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Editorial: Redistricting plan for Congressional District 5 protects partisanship, not fair representation
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Editorial: Redistricting plan for Congressional District 5 protects partisanship, not fair representation

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Redistricting Oklahoma (copy)

Rep. Ryan Martinez, R-Edmond, chair of the House Redistricting Committee, answers a question at a news conference announcing new state House and Senate districts. Republican leaders in the Oklahoma House and Senate released new congressional district maps on Monday that show major changes to the competitive 5th Congressional District that Democrats narrowly won in 2018.

A proposed redrawing of the state’s congressional districts has been billed as keeping equal representation intact, but it looks more like a reaction to the 2018 midterm elections.

Congressional District 5, centered on the Oklahoma City metro area, saw the biggest changes, particularly in Oklahoma’s most populous county. Oklahoma County used to be mostly within District 5.

But under a proposal by a legislative redistricting committee, it will be sliced up between three congressional districts.

The move puts sections of urban south Oklahoma County into District 3; a portion of south Oklahoma City is already in District 4. District 5 gains pieces of mostly suburban and rural Logan and Canadian counties and adds Lincoln County to balance out population numbers.

This is significant because District 5 was the scene of an election upset in 2018, when Democrat Kendra Horn defeated incumbent GOP Congressman Steve Russell. Horn’s tenure was short, as she was narrowly defeated by Republican Stephanie Bice two years later.

While District 5 is back in Republican hands, its demographic shifts have turned it into the state’s only politically purple district — closer to an even split of liberal and conservative politics. That’s makes for a competitive district.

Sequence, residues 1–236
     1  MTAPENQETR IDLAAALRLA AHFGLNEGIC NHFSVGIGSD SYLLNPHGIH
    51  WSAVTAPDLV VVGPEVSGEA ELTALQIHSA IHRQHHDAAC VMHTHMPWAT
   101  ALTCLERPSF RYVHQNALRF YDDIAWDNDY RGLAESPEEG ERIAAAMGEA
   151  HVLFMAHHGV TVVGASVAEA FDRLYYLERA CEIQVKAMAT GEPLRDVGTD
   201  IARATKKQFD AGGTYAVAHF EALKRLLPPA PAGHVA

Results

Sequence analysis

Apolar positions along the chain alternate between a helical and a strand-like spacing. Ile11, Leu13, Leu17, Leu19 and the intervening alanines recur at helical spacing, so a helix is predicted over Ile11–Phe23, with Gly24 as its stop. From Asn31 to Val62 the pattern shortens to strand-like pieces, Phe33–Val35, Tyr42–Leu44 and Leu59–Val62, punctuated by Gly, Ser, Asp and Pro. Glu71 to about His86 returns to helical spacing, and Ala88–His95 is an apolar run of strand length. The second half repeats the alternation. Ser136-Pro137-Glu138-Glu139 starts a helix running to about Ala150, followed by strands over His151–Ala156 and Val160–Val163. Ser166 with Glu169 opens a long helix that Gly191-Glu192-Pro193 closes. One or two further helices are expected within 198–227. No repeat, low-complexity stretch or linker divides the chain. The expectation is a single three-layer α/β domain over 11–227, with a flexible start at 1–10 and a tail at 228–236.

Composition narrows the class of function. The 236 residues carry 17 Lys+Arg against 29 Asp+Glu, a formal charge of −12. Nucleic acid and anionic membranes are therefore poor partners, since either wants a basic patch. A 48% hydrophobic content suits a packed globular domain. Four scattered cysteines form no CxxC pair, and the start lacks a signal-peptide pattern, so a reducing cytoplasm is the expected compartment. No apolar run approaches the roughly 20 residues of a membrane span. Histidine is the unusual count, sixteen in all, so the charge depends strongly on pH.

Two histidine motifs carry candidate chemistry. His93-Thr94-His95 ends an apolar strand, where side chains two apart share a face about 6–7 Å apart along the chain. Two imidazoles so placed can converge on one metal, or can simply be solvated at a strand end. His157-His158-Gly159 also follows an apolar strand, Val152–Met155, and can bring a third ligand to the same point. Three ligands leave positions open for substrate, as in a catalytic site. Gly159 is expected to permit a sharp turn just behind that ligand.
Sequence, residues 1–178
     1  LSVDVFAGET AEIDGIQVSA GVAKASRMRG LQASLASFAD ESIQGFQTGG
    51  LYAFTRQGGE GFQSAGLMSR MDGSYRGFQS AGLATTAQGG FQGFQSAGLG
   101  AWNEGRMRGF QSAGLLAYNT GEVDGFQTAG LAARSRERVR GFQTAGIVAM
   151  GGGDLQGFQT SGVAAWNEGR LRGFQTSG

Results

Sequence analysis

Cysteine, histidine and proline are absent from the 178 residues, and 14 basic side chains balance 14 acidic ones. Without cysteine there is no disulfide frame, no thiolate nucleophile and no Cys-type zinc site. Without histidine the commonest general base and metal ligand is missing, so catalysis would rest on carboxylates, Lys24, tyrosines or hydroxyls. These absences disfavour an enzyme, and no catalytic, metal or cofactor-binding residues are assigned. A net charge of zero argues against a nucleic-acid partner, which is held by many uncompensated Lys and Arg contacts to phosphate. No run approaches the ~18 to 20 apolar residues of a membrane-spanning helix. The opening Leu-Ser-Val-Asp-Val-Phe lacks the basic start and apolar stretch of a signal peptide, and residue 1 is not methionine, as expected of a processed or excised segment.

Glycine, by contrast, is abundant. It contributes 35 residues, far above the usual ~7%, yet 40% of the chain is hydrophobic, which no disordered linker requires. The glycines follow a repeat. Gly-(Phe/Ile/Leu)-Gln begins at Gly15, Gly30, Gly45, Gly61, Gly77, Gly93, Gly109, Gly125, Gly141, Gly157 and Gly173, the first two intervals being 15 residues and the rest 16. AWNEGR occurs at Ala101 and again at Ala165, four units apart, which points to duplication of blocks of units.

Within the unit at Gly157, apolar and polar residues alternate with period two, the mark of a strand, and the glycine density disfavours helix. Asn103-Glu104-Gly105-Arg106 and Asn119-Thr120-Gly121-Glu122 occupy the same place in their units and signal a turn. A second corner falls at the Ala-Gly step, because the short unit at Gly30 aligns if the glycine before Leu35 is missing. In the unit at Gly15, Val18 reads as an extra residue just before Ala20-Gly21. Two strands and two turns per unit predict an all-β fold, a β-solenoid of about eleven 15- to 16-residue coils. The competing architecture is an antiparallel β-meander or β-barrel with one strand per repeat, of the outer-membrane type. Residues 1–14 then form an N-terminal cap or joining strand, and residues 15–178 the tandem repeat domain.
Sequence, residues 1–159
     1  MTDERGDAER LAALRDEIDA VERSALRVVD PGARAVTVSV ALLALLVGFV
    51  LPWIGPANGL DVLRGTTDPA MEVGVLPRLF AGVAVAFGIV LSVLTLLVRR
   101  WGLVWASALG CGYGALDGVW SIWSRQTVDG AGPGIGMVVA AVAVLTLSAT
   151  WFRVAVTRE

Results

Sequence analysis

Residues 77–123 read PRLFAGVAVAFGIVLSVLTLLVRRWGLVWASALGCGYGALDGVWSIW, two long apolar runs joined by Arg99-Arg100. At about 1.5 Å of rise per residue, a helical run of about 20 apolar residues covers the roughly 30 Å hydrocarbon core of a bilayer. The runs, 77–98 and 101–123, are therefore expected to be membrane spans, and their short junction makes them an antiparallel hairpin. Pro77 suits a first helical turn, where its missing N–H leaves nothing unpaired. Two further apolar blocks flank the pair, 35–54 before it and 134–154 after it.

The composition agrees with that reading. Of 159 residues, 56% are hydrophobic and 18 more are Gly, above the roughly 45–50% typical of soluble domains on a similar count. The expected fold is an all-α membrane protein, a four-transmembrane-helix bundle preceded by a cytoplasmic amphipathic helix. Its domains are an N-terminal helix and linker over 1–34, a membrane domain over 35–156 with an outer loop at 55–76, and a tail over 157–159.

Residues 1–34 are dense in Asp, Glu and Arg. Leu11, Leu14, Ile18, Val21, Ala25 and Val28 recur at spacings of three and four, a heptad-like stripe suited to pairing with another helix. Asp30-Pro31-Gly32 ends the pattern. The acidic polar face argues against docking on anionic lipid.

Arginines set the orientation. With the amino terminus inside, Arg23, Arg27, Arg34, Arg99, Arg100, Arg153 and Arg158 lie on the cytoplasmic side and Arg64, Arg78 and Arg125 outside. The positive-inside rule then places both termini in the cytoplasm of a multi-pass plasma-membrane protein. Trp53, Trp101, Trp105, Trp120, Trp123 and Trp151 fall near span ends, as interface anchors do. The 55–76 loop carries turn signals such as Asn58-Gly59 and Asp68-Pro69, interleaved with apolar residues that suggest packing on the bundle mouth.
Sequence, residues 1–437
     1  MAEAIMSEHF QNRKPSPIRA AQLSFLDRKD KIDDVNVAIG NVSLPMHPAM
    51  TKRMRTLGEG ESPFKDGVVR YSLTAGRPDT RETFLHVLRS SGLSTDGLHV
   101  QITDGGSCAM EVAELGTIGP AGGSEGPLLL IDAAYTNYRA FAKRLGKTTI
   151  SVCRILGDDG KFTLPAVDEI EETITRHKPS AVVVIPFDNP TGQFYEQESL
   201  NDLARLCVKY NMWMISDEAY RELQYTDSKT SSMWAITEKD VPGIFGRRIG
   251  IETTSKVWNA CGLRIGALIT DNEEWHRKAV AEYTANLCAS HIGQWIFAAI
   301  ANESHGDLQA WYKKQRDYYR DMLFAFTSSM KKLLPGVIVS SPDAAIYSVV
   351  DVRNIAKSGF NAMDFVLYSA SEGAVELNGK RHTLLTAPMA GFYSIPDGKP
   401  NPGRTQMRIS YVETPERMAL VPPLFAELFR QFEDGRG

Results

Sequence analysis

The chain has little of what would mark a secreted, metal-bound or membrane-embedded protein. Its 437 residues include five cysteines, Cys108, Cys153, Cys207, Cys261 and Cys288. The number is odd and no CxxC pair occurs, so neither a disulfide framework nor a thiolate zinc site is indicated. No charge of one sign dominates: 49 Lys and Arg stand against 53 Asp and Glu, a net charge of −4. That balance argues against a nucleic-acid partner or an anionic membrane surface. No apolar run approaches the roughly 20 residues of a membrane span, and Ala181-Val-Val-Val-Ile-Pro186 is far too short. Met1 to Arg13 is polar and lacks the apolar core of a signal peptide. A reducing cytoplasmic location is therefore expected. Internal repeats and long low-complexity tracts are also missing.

The trend will be blunted should the proposed redistricting plan stand.

Proponents say the new lines group similar communities together. But that logic fails when considering where those south Oklahoma County voters would go.

Can we say that voters in south Oklahoma City have much in common with those in Boise City or Blackwell? Will their concerns, as well as those of urban voters remaining in District 5, be diluted by the interests of Oklahoma’s sprawling suburban and rural areas?

Rather than acknowledge how much the Oklahoma City metro area has changed, new lines have been drawn to politically minimize those shifts and protect the current District 5 incumbent.

One of redistricting’s main purposes is to ensure all constituencies get fair representation. In reality, Oklahoma’s redistricting process is aimed at maintaining a status quo.

This boils down to who is redrawing the districts. In Oklahoma, it’s state lawmakers.

The Oklahoma Legislature is overwhelmingly Republican. It’s not a far leap to believe that partisan concerns played a role. The same was true when Democrats held legislative majorities.

Republicans say party registration was not included in the data used to draw the new district. That makes the situation stranger.

If a person were looking at numbers, District 5 would be more compact, not geographically larger. It doesn’t take an expert to know that someone in Piedmont is more likely to vote Republican than someone in southwest Oklahoma City.

Fairness, and not bad memories of the 2018 election, ought to guide this process, with the idea that voters aren’t disenfranchised.


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